All three Star Fire District commissioners resigned Friday, leaving the broke fire district without enough directors to conduct business.
Fire Commissioners Gunnar Howarth, John Miller and Jeff Sedivec said they accept responsibility for not addressing the Districts current and complex issues, in a joint statement released Friday.
Gov. Butch Otter now will have to appoint new officials who will have the task of salvaging a district that overspent its $1.3 million annual budget by more than $1 million in the past three years. Otter is a Star resident.
About a year ago, the Star fire district approached the Eagle fire district looking for help. It said it was in debt, grappling with a $300,000 annual shortfall and facing layoffs.
The two districts agreed to a temporary joint operating agreement with the goal of both districts merging and forming one fire district covering parts of Ada, Canyon, Boise and Gem counties.
In May 2012, the two districts signed the agreement to operate jointly for up to five years to iron out kinks before formally and permanently consolidating. Under that agreement, Stars 14 firefighters became Eagle Fire employees.
But that plan changed.
About a month ago, Star fire district asked Star Mayor Nate Mitchell if the city would consider starting its own fire department. The fire district could then contract with the city to provide fire district's service. Boise, Meridian and Nampa have city fire departments that provide contracted services to fire districts.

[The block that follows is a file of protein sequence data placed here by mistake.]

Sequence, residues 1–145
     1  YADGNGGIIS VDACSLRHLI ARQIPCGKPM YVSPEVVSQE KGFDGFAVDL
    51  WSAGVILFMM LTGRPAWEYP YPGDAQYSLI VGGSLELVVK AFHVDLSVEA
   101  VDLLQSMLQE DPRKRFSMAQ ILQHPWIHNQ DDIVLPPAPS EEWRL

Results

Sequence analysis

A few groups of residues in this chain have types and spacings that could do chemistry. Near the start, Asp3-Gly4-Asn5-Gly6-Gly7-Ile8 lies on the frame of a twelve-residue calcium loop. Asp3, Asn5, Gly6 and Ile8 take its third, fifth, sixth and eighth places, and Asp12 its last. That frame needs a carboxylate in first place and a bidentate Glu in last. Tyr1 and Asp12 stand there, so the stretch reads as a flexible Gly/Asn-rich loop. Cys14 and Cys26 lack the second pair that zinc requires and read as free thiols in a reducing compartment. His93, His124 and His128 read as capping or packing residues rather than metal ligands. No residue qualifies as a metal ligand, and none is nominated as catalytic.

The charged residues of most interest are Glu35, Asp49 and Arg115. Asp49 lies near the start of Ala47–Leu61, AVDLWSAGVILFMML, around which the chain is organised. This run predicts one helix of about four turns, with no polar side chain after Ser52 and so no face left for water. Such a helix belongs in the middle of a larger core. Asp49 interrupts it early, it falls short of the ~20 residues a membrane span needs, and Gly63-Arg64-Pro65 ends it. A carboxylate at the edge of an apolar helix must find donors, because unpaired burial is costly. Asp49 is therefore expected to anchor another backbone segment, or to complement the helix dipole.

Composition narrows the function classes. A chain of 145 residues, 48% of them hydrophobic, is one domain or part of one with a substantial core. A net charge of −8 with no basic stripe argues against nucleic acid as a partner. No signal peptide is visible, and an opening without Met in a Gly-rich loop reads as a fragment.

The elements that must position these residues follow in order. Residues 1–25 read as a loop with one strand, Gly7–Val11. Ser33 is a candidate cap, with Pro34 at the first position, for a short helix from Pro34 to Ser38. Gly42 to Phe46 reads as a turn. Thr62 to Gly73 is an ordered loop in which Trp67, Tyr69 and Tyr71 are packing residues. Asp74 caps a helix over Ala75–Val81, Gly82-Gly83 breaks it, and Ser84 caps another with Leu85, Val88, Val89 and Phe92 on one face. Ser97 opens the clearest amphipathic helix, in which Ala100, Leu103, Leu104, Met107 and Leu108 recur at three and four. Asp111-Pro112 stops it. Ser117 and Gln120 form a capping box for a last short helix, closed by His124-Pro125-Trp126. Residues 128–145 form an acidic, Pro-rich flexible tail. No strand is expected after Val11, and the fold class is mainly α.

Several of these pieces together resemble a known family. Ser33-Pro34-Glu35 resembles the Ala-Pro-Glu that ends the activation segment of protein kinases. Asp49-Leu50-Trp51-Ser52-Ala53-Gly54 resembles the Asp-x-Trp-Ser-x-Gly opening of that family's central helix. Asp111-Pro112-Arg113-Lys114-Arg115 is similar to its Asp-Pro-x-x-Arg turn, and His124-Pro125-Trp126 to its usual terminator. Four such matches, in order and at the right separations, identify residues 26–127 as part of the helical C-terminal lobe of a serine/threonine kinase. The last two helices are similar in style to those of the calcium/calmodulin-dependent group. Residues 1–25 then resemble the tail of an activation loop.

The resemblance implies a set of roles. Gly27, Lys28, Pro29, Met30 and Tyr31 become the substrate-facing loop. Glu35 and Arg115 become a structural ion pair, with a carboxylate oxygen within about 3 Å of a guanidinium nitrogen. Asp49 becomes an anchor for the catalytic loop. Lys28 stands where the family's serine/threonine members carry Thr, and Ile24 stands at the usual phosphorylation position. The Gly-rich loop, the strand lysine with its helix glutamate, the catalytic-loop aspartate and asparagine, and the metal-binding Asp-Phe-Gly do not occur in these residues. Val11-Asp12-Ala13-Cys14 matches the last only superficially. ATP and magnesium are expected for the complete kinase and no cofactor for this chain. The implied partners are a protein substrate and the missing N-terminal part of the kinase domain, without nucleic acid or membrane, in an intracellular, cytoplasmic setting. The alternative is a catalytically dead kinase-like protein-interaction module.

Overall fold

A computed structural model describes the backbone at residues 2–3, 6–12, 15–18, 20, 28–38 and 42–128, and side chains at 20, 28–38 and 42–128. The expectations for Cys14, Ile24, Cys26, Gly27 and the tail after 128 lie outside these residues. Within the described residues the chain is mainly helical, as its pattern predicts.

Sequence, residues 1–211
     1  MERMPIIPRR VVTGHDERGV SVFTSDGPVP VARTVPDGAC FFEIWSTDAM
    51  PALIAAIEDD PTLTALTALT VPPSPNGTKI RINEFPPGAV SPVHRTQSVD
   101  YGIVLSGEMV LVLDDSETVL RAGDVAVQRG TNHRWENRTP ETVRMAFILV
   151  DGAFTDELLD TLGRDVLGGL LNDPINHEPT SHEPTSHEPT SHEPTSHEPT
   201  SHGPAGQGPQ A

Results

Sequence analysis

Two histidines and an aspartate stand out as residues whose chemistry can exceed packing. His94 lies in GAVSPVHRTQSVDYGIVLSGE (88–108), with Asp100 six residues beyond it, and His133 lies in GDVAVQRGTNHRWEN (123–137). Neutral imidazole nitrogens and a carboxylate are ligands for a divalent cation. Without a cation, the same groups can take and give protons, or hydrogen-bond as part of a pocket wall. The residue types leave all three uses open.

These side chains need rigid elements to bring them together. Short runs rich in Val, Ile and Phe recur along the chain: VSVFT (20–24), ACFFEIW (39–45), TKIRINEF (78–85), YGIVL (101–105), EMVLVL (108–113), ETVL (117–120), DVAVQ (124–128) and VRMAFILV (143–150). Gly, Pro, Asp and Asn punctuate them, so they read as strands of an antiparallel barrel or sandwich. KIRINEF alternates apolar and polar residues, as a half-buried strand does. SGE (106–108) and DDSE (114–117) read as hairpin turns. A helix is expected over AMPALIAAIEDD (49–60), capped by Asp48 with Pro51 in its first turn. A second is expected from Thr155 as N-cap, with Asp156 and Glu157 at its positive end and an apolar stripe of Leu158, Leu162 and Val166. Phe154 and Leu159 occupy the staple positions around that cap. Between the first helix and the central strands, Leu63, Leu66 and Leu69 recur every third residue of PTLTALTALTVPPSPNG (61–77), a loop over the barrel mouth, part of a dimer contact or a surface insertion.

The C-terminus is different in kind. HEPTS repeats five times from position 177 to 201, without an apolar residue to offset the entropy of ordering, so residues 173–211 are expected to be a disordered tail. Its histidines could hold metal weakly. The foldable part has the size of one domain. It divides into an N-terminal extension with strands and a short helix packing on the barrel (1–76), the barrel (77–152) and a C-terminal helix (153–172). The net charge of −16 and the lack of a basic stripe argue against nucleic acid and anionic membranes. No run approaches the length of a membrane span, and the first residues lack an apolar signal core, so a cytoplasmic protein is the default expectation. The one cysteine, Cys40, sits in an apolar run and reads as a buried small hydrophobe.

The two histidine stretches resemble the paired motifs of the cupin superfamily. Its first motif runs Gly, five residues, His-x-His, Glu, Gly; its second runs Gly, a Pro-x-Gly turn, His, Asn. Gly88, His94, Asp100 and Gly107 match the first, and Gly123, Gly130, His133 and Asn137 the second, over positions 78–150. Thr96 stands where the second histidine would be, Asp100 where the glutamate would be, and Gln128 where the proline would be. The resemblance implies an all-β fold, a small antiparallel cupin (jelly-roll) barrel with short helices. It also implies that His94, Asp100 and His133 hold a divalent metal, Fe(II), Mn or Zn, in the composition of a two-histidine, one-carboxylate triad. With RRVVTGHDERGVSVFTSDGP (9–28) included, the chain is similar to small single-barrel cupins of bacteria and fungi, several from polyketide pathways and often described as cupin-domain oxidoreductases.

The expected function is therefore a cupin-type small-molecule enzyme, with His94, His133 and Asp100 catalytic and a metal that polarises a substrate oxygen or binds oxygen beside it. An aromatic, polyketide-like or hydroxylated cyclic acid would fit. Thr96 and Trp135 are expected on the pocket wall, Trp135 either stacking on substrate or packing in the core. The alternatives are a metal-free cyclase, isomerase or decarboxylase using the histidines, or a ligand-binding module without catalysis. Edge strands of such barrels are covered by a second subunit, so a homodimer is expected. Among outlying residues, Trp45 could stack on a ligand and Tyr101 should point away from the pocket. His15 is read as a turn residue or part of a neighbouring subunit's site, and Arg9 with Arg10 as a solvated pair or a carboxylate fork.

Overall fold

When Eagle fire commissioners learned that the Star fire commissioners were considering having the city take over the fire district's duties, they asked Star to re-commit to the district consolidation plan. That did not happen, so on Monday, the Eagle and Star Fire Commissioners mutually agreed to terminate the joint powers agreement within 180 days.
The Star Fire Commissioners decided it was in their best interest to pursue an agreement with the city of Star, said Eagle Fire Chief Mike Winkle.
Mitchell, the Star mayor, put together a conceptual proposal for the city starting its own fire department and presented it the city council Tuesday. The council unanimously agreed to further pursue the concept to determine if it is viable.
By Friday all three commissioners had resigned, effective immediately.
The Star Fire District suffers from budgeting errors, overspending, a lack of oversight, revenue shortfalls, and a failure to comply with adopted policy, according to the Star Fire District's statement.
The Idaho Statesman has confirmed Star Fire District did not undergo independent annual audits as prescribed by state law. Other unconfirmed violations include not following open meeting and budget procedures and failing to document district proceedings.
"I am proud of the three commissioners for recognizing the magnitude of the decisions that need to be made by the district, and for their willingness to do the right thing," Mitchell said Friday.
While public officials sort this out, residents in the Star Fire District can be assured their fire protection needs will be met, said Eagle Fire Chief Mike Winkle on Friday.
There will be no interruption of service," he said.